This is an additional feature we are providing alongside our long-established weekly Family Notices section where loved ones are remembered immediately by Months Mind Notices and annual anniversary remembrances. You can contact our team for further details at email@example.com
Alison’s Euro Award for Covid information project
The Galway-established online course providing information about coronavirus in more than 70 languages – reaching over 350,000 people worldwide – is among 23 projects from the EU and the UK recognised for their outstanding contribution to fighting COVID-19 and its disastrous consequences.
The European Economic and Social Committee has awarded the Civil Solidarity Prize to the Irish learning platform Alison – founded by social entrepreneur Mike Feerick and based in Loughrea – for its free online course which was developed and published at the very start of the pandemic to educate as many people as possible about the virus, its spread and its effects.
The EESC, an advisory body representing Europe’s civil society at the EU level, selected the learning platform Alison as the best Irish candidate for the Prize, saying that its project “Coronavirus: What you need to know” stood out as a shining example of solidarity and civic responsibility during the COVID-19 crisis.
The online course was launched in February 2020 when the knowledge about the virus was still very scarce and the governments were still struggling with how to respond to the looming crisis.
With its training programme, based on WHO and CDC guidelines and continuously updated to include the latest information, the Irish platform has given people free access to potentially life-saving knowledge.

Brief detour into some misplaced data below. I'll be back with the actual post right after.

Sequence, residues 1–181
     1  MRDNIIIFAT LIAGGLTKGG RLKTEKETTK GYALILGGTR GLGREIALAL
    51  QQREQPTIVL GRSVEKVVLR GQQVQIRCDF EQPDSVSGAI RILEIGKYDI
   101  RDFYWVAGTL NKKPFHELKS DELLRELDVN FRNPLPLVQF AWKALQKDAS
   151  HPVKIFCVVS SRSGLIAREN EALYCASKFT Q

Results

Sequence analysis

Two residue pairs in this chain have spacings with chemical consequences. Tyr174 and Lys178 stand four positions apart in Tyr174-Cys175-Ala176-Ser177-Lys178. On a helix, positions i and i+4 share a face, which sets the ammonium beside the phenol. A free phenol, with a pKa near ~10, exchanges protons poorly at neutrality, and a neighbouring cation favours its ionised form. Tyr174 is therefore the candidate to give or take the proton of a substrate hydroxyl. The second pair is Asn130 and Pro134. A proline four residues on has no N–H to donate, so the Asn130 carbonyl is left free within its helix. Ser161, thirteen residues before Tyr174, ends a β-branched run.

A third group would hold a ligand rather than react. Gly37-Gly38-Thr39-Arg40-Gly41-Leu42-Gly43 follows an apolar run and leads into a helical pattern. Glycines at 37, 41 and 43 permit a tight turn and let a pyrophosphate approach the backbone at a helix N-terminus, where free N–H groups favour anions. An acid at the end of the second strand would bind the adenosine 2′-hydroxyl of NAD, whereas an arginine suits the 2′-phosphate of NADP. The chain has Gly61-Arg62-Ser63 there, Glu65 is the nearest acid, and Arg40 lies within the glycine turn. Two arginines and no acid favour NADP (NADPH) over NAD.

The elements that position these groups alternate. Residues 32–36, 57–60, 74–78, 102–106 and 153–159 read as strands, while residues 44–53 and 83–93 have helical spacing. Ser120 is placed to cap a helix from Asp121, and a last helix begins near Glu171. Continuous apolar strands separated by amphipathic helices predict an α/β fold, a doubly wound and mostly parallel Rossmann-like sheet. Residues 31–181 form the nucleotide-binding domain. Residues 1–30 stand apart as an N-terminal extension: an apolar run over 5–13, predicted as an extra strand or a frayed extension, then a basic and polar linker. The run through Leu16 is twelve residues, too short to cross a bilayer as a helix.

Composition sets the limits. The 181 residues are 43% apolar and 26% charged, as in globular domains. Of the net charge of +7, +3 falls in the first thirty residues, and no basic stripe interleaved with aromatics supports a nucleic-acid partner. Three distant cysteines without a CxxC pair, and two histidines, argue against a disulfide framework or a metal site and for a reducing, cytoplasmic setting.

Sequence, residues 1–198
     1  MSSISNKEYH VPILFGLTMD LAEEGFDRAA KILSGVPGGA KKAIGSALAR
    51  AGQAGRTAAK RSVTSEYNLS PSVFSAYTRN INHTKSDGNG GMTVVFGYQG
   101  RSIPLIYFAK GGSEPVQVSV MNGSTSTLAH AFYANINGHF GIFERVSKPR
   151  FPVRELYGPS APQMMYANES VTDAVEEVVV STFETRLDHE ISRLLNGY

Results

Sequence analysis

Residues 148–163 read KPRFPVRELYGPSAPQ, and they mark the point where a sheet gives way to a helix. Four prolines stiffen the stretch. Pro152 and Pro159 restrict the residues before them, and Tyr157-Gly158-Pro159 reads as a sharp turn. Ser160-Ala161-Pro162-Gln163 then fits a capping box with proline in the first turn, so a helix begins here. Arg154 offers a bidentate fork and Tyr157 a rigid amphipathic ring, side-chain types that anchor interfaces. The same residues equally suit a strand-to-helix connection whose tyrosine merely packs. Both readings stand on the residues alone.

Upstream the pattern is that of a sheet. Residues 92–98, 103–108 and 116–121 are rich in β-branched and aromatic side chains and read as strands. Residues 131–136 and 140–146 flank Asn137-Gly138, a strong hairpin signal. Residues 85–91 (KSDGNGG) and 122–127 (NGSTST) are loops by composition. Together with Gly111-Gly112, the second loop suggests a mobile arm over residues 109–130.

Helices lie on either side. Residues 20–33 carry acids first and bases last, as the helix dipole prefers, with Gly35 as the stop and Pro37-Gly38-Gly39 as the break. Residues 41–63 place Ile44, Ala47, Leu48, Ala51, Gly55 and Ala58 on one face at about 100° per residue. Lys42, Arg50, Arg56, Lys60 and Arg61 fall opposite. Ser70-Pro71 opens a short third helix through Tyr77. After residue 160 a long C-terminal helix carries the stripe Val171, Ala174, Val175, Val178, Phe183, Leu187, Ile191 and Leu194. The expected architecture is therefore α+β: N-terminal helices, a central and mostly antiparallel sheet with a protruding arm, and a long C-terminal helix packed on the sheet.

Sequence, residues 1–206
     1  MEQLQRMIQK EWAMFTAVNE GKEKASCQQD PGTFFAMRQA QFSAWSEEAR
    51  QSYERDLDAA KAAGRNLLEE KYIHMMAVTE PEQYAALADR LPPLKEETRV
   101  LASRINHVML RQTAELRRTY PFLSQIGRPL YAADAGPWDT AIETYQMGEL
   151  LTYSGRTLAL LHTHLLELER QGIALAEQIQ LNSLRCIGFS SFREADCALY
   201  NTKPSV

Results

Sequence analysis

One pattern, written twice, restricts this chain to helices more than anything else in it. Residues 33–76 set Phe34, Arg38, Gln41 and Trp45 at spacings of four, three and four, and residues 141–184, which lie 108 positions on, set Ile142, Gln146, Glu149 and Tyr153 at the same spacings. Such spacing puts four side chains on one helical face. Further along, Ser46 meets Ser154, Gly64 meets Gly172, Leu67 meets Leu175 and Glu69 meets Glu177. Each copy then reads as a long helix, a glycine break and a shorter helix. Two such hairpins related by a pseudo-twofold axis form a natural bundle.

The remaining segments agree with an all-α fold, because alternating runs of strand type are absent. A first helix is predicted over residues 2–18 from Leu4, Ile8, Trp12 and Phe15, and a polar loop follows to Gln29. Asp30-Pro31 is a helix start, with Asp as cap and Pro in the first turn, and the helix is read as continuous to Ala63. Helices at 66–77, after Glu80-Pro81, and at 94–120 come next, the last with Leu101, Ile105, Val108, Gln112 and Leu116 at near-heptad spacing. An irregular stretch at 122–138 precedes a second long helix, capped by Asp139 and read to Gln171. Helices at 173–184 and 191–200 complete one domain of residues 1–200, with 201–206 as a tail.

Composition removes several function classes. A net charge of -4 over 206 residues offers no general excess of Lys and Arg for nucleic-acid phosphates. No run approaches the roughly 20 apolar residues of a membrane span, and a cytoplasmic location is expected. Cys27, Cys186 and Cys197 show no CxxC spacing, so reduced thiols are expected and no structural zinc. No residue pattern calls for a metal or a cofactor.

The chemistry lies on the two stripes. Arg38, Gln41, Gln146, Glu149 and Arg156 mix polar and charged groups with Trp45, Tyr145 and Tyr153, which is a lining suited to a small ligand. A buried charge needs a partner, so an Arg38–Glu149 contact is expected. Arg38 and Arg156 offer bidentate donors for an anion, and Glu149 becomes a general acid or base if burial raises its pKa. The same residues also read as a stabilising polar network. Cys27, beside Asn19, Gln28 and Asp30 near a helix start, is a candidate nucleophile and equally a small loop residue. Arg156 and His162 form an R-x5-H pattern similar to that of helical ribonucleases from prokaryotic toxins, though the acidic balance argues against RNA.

Translated in less than four months into more than 70 languages, with the help of 5,000 volunteers many of whom were immigrants, it had been completed by approximately 350,000 people as of September 2020. Some 100,000 people signed up for it in a single day.
See full story in this week’s Connacht Tribune, on sale in shops now – or you can download our digital edition from www/connachttribune.ie
Covid a whole different ball game for Galway camogie nurse
Galway camogie star Emma Helebert doesn’t shy away from a question about Covid-19 anti-vaxxers and their online conspiracy theories.
“Personally, since this pandemic has hit, I’m allergic to social media over the whole thing,” she says.
A midwife at University Hospital Galway, the 2019 All-Ireland winner agrees that vaccines involve personal choice.
But that choice should be informed by trusted sources of information, such as the HSE or NHS websites – and not random often nefarious and anonymous contributors on social media.
“There are more reliable sources of information than turning to places like Facebook or whatever online forums are talking about it,” she says.
“What’s scaring people more than the actual thought of the vaccines is these opinions that are being forced down people’s throats and they’re seeing it every time they go on Facebook and scrolling on social media.
“My only advice to people who are scared is to do your own research. Go to the reliable sources of information and don’t believe what you see on Facebook.
“Unfortunately, there are people out there who create pages that are full of negativity or full of lies. It only takes one scary thought or piece of information you’ve heard to cling to you that’ll make you not want to get it,” she adds.
Read the full interview with Emma Helebert in this week’s Connacht Tribune, on sale in shops now – or you can download our digital edition from www.connachttribune.ie